William is one of the addicts who participated in Dr. Childress's study. While examining William's brain, she flashed cocaine cues—images of people he had used the drug with or things that reminded him of cocaine—onto a screen for just 33 milliseconds at a time. Most people wouldn't even be able to recognize what they were seeing, but William's brain was well aware.
"For someone with a history of cocaine, there's an intense arousal that sets up in milliseconds," Dr. Childress says. "These cues say, 'This is more important than your children, than your spouse, than your job…pursue this.' From the brain's perspective, this is the important thing."
Photos of William's brain show that there was a surge of chemicals released when he saw the powerful cues, which Dr. Childress calls the "go state." For the first time in human history, researchers can now see what's happening inside the brain, identify the targets and see what they need to address.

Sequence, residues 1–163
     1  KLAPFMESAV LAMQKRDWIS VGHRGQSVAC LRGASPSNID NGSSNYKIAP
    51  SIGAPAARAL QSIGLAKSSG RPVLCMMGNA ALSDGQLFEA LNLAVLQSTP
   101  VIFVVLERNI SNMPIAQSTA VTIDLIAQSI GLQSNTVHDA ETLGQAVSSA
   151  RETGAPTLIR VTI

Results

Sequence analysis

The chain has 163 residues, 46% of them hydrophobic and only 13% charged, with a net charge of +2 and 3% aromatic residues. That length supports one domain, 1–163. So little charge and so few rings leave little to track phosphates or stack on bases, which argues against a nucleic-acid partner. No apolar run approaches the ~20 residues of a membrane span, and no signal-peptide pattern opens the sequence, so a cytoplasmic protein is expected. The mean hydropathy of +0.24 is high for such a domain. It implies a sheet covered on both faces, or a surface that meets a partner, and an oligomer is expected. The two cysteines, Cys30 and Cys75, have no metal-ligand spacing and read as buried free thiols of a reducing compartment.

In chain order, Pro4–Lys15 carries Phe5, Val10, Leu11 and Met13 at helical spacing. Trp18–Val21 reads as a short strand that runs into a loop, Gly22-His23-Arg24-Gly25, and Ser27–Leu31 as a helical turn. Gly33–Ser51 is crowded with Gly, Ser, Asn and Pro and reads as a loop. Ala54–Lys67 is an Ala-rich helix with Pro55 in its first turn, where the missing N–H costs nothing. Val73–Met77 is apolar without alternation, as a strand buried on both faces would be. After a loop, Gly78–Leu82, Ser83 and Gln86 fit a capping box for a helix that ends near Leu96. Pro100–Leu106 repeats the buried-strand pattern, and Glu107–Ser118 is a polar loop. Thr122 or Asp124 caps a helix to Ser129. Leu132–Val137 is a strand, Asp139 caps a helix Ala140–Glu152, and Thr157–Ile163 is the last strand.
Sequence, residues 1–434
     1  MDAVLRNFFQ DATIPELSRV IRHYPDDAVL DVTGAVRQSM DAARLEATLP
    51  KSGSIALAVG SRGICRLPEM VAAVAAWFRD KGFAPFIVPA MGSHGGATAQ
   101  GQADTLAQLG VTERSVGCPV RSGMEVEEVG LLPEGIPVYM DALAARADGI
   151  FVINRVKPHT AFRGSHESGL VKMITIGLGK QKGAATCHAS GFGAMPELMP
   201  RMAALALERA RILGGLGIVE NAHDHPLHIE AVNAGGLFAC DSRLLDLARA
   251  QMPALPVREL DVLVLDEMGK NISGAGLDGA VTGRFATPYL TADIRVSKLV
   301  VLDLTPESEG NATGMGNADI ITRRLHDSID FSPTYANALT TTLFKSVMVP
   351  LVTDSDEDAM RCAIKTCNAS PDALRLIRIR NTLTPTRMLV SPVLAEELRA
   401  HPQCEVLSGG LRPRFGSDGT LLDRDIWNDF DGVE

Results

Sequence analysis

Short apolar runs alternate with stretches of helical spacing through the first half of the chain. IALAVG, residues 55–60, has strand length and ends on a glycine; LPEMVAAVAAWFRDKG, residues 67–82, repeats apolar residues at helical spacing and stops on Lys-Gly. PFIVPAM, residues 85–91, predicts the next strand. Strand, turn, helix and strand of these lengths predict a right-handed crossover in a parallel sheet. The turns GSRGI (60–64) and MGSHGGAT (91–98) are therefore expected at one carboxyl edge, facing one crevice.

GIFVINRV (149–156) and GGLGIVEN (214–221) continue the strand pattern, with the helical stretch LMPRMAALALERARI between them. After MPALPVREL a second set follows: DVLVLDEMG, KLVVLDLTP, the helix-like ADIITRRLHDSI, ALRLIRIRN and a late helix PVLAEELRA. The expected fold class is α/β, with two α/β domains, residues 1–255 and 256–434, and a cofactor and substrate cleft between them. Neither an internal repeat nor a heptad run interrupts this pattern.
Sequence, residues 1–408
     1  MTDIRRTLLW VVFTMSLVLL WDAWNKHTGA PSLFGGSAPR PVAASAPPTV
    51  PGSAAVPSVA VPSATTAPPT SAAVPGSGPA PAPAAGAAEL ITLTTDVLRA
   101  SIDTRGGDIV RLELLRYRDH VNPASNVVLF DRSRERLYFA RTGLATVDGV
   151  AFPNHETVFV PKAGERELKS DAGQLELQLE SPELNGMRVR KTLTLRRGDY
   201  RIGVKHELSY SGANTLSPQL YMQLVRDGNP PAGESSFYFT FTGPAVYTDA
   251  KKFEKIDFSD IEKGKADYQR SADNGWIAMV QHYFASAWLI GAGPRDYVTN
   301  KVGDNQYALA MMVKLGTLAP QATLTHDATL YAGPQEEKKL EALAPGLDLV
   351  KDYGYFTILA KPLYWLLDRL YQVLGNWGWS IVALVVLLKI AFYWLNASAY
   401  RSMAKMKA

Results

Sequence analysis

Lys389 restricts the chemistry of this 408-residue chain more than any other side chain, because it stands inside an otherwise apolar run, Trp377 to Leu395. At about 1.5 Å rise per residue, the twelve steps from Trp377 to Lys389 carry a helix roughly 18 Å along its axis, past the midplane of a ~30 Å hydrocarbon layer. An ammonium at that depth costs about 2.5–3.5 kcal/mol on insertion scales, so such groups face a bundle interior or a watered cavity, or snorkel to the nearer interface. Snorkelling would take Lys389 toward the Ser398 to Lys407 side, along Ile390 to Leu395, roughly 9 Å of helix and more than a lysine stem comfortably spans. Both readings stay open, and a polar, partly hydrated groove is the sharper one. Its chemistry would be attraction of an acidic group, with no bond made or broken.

"We're really excited that we can both calm down the go state, but also bolster the brakes," she says. "One of the things that we've been able to see is that people with addictions—their brakes aren't so good. So [there are] two ways that you can help the car—one is to take your foot off the accelerator. Another way is to put on the brakes."
Dr. Childress's goal is to treat addiction with medications that curb the craving. "Instead of it being so compelling and something that would cause you to go away from your family and your children, with medication, you can get a brain now that's sort of back down to, 'This is not so exciting. I can take this or leave this,'" she says.